Unlocking silk for uses as an optical, digital, biological, or food storage device

[Fiorenzo Omenetto] gave a TED talk early last year to illustrates a lot of intriguing uses for silk. Before watching his presentation we would have been hard pressed to come up with a use for silk other than in clothing. But it turns out that investigating how silk worms create the material has led to a range of other applications. You can see the full talk embedded after the break.

One of the first things he shows off is a transparent film made of silk. The material looks almost like cellulose film, and can function in a similar way. [Fiorenzo] shines a laser through a silk slide that has a micro-dot of words embedded in it. the result is a clearly readable message projected on the wall. The film can also be used for holographic images.

But it’s the biodegradable aspects that are clearly the breakthrough here. A slide of silk can be doped with pharmaceuticals and programmed for a very specific time release. This way the drugs no longer need to be stored under refrigeration, and can be reclaimed using only water. The same properties allow one to manufacture disposable objects that will quickly and completely degrade. But there’s even more, if you dope the material with a conductor like gold it becomes a disposable circuit.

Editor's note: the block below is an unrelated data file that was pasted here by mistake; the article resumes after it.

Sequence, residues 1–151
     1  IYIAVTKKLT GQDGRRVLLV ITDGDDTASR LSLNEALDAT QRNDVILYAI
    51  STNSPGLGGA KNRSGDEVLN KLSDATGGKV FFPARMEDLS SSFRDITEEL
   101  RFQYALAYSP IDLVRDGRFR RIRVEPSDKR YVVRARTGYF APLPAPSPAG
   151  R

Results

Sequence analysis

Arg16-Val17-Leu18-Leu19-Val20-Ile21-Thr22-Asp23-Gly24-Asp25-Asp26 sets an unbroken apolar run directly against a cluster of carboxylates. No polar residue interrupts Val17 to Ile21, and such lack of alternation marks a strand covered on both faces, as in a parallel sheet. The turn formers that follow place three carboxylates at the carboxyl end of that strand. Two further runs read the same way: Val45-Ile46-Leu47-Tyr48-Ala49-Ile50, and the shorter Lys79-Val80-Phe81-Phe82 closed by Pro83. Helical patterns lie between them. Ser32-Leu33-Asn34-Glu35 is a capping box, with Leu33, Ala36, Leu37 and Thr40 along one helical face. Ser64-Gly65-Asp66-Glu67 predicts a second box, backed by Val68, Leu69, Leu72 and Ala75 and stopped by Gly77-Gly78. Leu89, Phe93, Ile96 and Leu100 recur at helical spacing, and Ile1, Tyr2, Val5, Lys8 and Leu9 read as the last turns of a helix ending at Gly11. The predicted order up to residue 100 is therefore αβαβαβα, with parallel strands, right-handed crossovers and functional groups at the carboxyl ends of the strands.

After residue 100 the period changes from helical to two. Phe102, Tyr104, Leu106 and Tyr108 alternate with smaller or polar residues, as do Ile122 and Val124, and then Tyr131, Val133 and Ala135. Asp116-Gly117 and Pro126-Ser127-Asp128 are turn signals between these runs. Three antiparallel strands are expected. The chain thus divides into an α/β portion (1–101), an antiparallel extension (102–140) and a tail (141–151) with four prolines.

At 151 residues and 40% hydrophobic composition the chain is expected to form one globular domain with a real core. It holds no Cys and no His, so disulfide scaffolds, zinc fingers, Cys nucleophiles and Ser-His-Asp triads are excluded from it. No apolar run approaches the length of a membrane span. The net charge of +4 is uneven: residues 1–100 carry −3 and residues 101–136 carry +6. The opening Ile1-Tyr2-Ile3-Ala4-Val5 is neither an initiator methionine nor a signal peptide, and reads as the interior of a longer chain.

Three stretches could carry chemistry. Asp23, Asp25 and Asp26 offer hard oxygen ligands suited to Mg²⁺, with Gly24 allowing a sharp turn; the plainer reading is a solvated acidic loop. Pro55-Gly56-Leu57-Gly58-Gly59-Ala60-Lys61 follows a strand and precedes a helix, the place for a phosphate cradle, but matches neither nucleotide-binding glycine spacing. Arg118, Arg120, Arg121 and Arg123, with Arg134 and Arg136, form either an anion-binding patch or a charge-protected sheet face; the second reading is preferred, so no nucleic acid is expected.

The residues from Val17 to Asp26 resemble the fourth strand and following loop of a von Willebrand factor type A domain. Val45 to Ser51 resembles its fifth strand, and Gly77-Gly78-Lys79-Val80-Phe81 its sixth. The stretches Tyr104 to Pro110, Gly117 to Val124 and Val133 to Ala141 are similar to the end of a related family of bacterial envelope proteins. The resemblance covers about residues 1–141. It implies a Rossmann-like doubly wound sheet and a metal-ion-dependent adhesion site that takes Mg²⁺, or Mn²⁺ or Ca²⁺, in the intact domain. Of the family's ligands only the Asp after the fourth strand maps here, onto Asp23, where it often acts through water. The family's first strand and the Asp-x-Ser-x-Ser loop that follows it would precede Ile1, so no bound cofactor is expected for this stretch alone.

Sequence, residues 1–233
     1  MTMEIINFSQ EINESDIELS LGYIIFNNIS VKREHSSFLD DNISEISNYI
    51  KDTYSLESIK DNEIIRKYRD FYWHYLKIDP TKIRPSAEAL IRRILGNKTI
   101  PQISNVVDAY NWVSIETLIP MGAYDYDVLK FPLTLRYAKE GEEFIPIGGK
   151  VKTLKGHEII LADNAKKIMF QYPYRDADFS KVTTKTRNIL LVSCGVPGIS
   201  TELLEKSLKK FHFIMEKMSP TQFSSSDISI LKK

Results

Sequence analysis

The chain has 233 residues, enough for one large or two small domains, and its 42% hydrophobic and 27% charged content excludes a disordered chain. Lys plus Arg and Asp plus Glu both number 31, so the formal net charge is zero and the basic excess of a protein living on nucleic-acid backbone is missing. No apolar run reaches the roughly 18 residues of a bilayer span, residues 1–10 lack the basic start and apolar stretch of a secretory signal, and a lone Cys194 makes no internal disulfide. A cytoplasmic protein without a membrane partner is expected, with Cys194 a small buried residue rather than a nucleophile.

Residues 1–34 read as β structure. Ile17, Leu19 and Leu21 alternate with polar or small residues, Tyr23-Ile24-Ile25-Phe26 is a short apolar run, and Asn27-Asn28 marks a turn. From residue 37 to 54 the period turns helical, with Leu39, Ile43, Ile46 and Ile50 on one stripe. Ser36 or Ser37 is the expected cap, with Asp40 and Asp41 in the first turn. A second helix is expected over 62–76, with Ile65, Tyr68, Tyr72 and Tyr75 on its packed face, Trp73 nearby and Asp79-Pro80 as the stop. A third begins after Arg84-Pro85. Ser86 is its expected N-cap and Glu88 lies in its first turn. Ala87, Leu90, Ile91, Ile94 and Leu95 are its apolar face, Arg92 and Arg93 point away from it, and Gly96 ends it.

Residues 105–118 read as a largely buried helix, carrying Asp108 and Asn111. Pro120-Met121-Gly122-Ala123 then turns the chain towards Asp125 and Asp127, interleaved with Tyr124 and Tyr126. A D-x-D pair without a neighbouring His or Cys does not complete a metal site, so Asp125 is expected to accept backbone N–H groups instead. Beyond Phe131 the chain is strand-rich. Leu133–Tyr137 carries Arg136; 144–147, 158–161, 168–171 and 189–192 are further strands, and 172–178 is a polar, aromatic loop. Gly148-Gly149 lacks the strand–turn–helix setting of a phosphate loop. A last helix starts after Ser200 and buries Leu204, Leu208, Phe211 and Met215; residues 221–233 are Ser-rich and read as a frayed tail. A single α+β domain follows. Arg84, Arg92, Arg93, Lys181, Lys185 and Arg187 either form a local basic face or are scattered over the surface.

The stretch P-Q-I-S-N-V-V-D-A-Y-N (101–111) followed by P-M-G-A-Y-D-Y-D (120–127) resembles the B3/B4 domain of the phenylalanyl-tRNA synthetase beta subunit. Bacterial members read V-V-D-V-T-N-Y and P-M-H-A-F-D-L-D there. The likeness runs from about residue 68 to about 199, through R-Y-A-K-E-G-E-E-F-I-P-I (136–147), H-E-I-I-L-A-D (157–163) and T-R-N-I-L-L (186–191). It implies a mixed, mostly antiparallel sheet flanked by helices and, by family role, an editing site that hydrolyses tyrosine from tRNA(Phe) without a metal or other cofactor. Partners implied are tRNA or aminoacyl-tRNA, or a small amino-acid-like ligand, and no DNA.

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Store your RFID transit card inside your cellphone

Check it out, this is a Boston transit pass — or at least the parts of it that matters. [Becky Stern] got rid of the rest in a bid to embed the RFID tag inside her cellphone.

The transit pass, called a CharlieCard, started out as a normal credit card shaped tag which you might use for access in the workplace. She unsheathed the chip and its antennae by giving it a generous soak in acetone. In about thirty minutes the plastic card looks more like paper pulp, and you can gently fish out the electronics. These are now small enough to fit in the back cover of a cellphone much like those inductive charging hacks.

[Becky] put hers in an iPhone. But the idea comes from [Dhani Sutanto] who used the same technique to extract the coil from a London transit pass. He then embedded the hardware in a resin cast ring.

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